Single Six Cylinder, what am I looking for, dimensions, ect.

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cgb

Bearcat
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Oct 5, 2008
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I need a Single Six 22lr cylinder for my 3 screw Single Six. Will a new model one work? What am I looking for? Dimensions? What type of fitting does it require? Also, If I get a set of old model lockwork, will it drop in? Or does that need some fitting also?
 

Hondo44

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cgb":gm7h4wjh said:
I need a Single Six 22lr cylinder for my 3 screw Single Six. Will a new model one work? What am I looking for? Dimensions? What type of fitting does it require? Also, If I get a set of old model lockwork, will it drop in? Or does that need some fitting also?

You received all very correct and accurate information from all. Now lets boil it down to a practical matter. In my experience of 43 years:
1. Ruger 22s have a pretty tight tolerance on cylinder manufacturing, that is to say they are all quite close to the same size, especially in the same vintage.
2. the easiest way is to go to a gun show where one can often find them. Take your gun and try any that you find. If you find one that fits in your frame without excessive front to back play or excessive barrel to cylinder gap (over .006"), take you caliper and the dimensions in #3 below with you. The timing will most likely work as good as a new gun out of the box and to your satifaction. Any gun can be improved by fine tuning it for optimum (perfect timing) including new out of the box guns.
Is it required? Not for the average guy.
3. If you find a cylinder on line, it's not such a crap shoot if you do this: use a caliper to get the overall cylinder length of yours including the front bushing length and the ratchets in the back. Then get the cylinder length including the bushing in front but excluding the ratchets in the back. Ask for the same dimensions from the seller of the cylinder for sale. If they are the same as your dimensions or slightly larger (a few thousands of an inch, buy it. If you're at all handy you can hone it to fit. If it won't fit both in the frame and between end of barrel and breach face, according to your measurements, hone the difference off of the ratchet end. If it fits between the breach face and barrel but not in the frame, hone the difference in measurements off of the end of the front bushing. And worse case, you can always take it to a local smith for a few bucks.
4. Lockwork will usually drop in and work. If you have a timing issue it will be one of two things; the hammer will move to the full cock position before the cylinder bolt fully engages the cylinder notch. In that case the 'hand' (technical name; cylinder pawl) is too short. Replace it or try your old one. More likely, the cylinder bolt will fully engage the notch before the hammer is fully cocked. Not uncommon even in new guns. Or you can not cock the hammer at all (the trigger won't engage the full cock notch) before the hammer stops moving. Either way the cure is simple: hone the bottom step only of the hand until it works properly. Just go slow when removing metal. All might sound complicated but quite simple and probably not needed! You'll feel great when you've got that cylinder in and working by yourself.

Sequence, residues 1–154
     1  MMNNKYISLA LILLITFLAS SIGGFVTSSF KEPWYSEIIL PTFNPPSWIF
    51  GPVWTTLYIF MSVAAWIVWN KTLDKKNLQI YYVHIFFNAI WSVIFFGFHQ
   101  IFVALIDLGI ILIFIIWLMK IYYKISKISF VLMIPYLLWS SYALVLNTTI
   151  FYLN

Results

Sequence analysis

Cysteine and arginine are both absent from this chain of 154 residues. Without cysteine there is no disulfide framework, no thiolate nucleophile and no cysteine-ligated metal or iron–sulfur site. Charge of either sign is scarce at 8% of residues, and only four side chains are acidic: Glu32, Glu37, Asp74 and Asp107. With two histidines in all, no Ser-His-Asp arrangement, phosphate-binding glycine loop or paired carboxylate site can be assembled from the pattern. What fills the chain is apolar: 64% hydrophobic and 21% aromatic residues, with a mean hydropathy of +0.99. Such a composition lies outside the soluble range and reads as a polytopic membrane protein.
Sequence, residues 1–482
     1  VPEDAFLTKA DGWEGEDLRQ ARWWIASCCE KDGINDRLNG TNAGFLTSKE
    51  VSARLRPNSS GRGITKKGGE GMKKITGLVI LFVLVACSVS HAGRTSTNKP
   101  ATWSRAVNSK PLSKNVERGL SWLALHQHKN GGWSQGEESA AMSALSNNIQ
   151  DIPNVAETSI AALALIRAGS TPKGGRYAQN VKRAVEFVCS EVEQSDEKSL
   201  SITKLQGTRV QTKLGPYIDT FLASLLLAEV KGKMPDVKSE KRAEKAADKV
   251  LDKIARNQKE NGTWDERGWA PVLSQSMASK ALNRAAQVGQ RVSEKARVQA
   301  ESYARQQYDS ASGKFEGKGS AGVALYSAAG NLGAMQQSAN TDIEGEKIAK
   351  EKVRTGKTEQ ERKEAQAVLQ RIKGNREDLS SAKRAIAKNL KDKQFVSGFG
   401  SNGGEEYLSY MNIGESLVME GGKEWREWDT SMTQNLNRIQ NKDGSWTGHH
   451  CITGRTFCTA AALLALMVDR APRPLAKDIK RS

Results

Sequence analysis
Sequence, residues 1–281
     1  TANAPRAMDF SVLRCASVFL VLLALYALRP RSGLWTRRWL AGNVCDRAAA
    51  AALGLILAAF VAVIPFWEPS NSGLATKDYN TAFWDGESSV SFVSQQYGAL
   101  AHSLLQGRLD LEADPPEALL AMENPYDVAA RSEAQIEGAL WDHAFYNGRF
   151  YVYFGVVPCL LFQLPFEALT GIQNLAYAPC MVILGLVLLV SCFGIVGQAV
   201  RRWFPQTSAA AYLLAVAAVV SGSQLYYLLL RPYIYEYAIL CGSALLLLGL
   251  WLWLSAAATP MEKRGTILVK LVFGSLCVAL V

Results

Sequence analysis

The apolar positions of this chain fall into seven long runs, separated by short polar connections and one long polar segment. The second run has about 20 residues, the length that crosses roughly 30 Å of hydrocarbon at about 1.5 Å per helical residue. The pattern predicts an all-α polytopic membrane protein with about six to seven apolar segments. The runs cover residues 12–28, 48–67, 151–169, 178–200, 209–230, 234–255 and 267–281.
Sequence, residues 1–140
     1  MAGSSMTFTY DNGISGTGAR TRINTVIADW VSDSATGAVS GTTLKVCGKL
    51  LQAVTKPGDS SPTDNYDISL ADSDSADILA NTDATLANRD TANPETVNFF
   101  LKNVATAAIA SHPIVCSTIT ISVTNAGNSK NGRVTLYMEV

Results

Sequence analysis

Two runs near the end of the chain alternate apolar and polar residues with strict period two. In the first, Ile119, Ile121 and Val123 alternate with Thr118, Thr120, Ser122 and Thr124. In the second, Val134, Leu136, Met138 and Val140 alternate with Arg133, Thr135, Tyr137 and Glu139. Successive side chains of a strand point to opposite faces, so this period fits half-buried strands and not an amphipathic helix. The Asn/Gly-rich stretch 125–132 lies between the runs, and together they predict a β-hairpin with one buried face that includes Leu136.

flatgate

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I'll add that reducing the "length" of the cylinder's ratchet can create headspace issues so proceed with caution.

JMHO,

flatgate
 
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Very seldom, if ever ( can't remember when?) we ever took anything "off" the ratchet end ( except to 'polish smooth) as Flatgate says, too iffy in the head space area...this end is usually consistant from cylinder to cylinder........look for burrs, or dings,divets and 'misuse' in the ratchets, clean up accordingly............
 

Hondo44

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rugerguy":3albdy8e said:
Very seldom, if ever ( can't remember when?) we ever took anything "off" the ratchet end ( except to 'polish smooth) as Flatgate says, too iffy in the head space area...this end is usually consistant from cylinder to cylinder........look for burrs, or dings,divets and 'misuse' in the ratchets, clean up accordingly............

All true but in all likelihood, this dimension will not be his problem; it'll be a too long cylinder bushing. Probable worse case scenario is a nice tight bar/cyl gap. Having to touch the ratchet end would be an unusual cylinder fitting situation, since he can't take off the end of the barrel for fear of opening the gap for his other cylinder. If he stays within his dimension tolerances I gave him of a couple thousands when he buys the cylinder, he can't get into trouble.
 

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